One of his early studies was the preliminary analysis of Saksaywaman Temple in Peru, where he argued that the polygonal walls of the temple align, and also the entire temple complex were designed to align to these key astronomical values. In this theory the angular offsets are argued to be either offsets angled to either above or below the vertical or to the left and right of the horizontal; with perhaps the direction of the offset marking a vowel sound and the angle the sound of the consonant. Thus it is quite possible that the walls could have created a basic but readable text.
The polygonal walls of Saksaywaman in Peru
Arrangement of stones in a wall at Saksaywaman. Astronomical values can be found in the form of an angular array, offset to either above or below the horizontal, or the right or left of the vertical. Photo credit: Derek CunninghamIn Derek’s most recent study of this proposed angular text, he has returned with what can only be said is a well thought out study that takes direct aim at the often used counter argument that the alignments are actually totally random.
In this new test, Derek reasoned that if all geometric patterns found worldwide are entirely random, then even if within the experiment deliberate bias is shown to align the geometric image so that one particular angle dominates - in other words to force an optimum angular alignment - then because in the counter argument all lines are entirely randomly distributed, then the secondary to quaternary values should also be entirely random. In other words, only the primary value optimised should be the same.
If, however, the various geometric patterns found worldwide are as Derek claimed an ancient form of text, then perhaps the exact same secondary, tertiary and quaternary angular values should be emphasised in the various ancient images. And that is exactly what he found.
Using the 5.1 degree angle representing the moon’s orbital plane relative to Earth as a key reference point for his study, a very careful study of Australian geometric images has revealed that the secondary to quaternary angles seen most in geometric artwork does repetitively and routinely aligned to the same secondary to quaternary angular values. For the preliminary study Australia was chosen because it has remained isolated for much of its history, and thus the observed result could not be argued to be caused by potential long distance trade routes.
Derek then chose to extend this study to look at to various geometric images found in Europe. This included a comparison with the Polygonal walls found at Delphi, and an interesting analysis of the extremely archaic and unusual fan motif found carved on a tibia bone of a straight-tusked elephant at Bilzingsleben in Germany. In each case the intent was to directly compare the European secondary to quaternary angular values with those seen in ancient Australian geometrics.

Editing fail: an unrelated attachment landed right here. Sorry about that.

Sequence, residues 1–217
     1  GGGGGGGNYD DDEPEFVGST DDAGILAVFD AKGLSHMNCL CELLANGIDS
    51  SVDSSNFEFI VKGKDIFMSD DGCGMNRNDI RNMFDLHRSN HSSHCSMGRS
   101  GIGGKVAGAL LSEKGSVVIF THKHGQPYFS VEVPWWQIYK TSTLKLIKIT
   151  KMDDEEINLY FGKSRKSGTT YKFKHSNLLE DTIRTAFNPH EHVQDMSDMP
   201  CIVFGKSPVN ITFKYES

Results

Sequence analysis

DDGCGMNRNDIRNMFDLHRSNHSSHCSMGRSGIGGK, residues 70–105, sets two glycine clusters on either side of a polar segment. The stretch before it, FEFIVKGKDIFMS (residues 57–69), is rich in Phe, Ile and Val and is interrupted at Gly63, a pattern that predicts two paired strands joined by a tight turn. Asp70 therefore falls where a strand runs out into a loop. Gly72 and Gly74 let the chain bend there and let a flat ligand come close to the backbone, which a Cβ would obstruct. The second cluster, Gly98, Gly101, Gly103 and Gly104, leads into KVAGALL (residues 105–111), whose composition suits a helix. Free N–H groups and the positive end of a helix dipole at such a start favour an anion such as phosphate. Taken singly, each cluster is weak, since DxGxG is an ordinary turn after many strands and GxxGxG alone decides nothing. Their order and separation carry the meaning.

Photograph showing part of the Polygonal Wall found under the Temple of Apollo at Delphi. Image taken by Dr. Derek Cunningham.
After a careful study of the angular distribution produced by the various polygonal stones found at Delphi it was determined that the same angular preferences seen in Australia are indeed found in distant Europe. Specifically, it was found that European and Australian art both emphasised the 18.6 year lunar cycle and the 27.32 day sidereal month; and because identical primary to quaternary values were seen, the statistical analysis argues that the link between these images must date back at least 50,000 years ago. This suggests that an ancient Stone Age civilization was actively traveling the world, leaving behind postcards for us to find.
One of the more unusual visual pieces of evidence gathered in this particular study was an engraved stone found in Australia that replicates a geometrical pattern discovered in Bilzingsleben Germany. The Australian stone was discovered by Jennifer Summerville, who then passed the stone on to Derek for a more detailed analysis.
Astronomical alignments of Aboriginal engravings found on a stone in Australia
Fan-motif found on the Bilzingsleben elephant tibia bone found in GermanyAs can be seen the stone creates a fan motif that is identical in structure and angular content to the more famous fan-motif that is found on the Bilzingsleben elephant tibia bone. The bone is currently dated by archaeologist John Feliks to be circa 400,000 years old.
Equally intriguing, the exact same angular values can be found in the various geometric images found in Lascaux Cave. These geometrics are at a minimum circa 13,000 years old.
The various similarities seen in the geometric artwork found in Australia and Europe have long been known. What really has been missing until now is a simple method to measure the “artistic intent” of the Stone Age artist who made these patterns.
As astronomical values are inherently numerical in nature this creates the potential to analyze mathematically ancient artwork for intent, and also to create a method that allows us to directly compare artwork that is entirely dissimilar. This is a major breakthrough in the study of the ancient past.
With this new ability to directly compare dissimilar geometrical images an entirely new experimental technique is created that for the first time ever allows us to read the drawings left behind by our very distant ancestors.
Top image: Aboriginal rock paintings that show astronomical alignments.